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Migeru:
It's a good sign that after 3 years of crisis the Commission and the ECB understand this is not a liquidity crisis but a solvency crisis

It is good that they finally admit it.

I think it is safe to assume that central bankers have known this for some time, considering this cable:

US embassy cables: Mervyn King says in March 2008 bailout fund needed | Business | guardian.co.uk

Since last summer, the nature of the crisis in financial markets has changed. The problem is now not liquidity in the system but rather a question of systemic solvency, Bank of England (BOE) Governor Mervyn King said at a lunch meeting with Treasury Deputy Secretary Robert Kimmitt and Ambassador Tuttle. King said there are two imperatives. First to find ways for banks to avoid the stigma of selling unwanted paper at distressed prices or going to a central bank for assistance. Second to ensure there's a coordinated effort to possibly recapitalize the global banking system.

Note the priority of a letting banks avoid the stigma of the consequences of their actions. Part of avoiding that stigma may very well be not to admit the systemic insolvency while working to make sure others (greeks, irelanders) carry most of the burden.

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by A swedish kind of death on Tue Mar 1st, 2011 at 06:37:50 AM EST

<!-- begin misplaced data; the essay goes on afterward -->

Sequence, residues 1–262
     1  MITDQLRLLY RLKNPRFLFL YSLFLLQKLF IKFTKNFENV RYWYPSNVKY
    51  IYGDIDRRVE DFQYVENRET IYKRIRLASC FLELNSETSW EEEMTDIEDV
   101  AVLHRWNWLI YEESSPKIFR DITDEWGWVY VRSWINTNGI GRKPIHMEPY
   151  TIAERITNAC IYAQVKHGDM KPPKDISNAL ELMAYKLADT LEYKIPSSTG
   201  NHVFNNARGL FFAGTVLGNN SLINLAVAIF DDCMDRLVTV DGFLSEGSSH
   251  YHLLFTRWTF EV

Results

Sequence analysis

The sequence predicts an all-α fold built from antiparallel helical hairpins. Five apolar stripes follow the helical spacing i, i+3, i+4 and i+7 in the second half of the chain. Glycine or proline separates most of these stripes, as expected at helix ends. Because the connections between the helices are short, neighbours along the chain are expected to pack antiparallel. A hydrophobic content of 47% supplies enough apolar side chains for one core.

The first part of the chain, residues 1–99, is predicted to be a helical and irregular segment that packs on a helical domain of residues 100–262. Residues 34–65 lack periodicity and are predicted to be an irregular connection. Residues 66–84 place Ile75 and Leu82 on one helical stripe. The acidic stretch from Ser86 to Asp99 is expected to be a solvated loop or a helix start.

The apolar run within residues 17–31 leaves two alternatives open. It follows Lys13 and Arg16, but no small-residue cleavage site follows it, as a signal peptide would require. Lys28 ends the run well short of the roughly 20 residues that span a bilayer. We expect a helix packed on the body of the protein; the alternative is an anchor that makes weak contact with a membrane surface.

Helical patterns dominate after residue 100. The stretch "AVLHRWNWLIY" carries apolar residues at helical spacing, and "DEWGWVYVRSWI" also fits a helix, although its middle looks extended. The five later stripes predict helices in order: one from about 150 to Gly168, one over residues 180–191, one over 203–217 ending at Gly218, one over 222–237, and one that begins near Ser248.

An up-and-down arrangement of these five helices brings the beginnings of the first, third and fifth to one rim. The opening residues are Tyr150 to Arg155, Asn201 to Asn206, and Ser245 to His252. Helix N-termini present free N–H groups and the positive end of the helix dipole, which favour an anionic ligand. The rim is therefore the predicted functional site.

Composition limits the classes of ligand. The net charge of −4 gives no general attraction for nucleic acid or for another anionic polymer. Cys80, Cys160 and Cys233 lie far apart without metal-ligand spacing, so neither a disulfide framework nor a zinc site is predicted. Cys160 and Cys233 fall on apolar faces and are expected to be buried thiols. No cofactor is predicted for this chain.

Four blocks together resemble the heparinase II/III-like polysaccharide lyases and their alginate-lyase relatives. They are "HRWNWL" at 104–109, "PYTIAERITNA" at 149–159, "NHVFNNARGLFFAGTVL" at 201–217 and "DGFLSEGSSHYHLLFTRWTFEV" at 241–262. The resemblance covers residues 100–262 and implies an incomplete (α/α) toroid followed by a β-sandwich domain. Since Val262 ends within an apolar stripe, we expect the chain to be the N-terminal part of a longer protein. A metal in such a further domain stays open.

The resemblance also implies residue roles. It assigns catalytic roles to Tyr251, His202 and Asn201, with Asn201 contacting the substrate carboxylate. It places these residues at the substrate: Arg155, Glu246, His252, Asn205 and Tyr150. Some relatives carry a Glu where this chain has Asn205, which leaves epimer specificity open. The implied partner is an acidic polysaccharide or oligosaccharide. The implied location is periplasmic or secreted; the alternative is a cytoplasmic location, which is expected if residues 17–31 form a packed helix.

[ Parent ]

This one never gets old.

- Jake

Friends come and go. Enemies accumulate.

by JakeS (JangoSierra 'at' gmail 'dot' com) on Tue Mar 1st, 2011 at 08:35:41 AM EST
[ Parent ]
A swedish kind of death:
King said there are two imperatives. First to find ways for banks to avoid the stigma of selling unwanted paper at distressed prices or going to a central bank for assistance. Second to ensure there's a coordinated effort to possibly recapitalize the global banking system.
Three years later, here we are. No progress on either count.

So, in what may be my last act of "advising", I'll advise you to cut the jargon. -- My old PhD advisor, to me, 26/2/11
by Carrie (migeru at eurotrib dot com) on Tue Mar 1st, 2011 at 08:49:32 AM EST
[ Parent ]
The only way banks have found of disposing of unwanted paper is to sell it to the taxpayers via corrupt and/or incompetent politicians and regulators, as in Ireland, the USA, etc. Writing down any significant portion of the toxic debt would show them to be insolvent. In the Euro-zone, a bank that wrote down bad debt would have to be "resolved" by the state. That would likely lead to sovereign default as the individual European states are not in good shape either. So, as in the USA, there is endless de facto regulatory forbearance, complete with sham "stress tests."

"It is not necessary to have hope in order to persevere."
by ARGeezer (ARGeezer a in a circle eurotrib daught com) on Wed Mar 2nd, 2011 at 09:03:54 PM EST
[ Parent ]
See here: (from December 1st, 2010)
Commissioner Almunia:
"Our key message is that banks have to prepare for a return to normal market mechanisms without State support.


So, in what may be my last act of "advising", I'll advise you to cut the jargon. -- My old PhD advisor, to me, 26/2/11
by Carrie (migeru at eurotrib dot com) on Tue Mar 1st, 2011 at 08:58:24 AM EST
[ Parent ]

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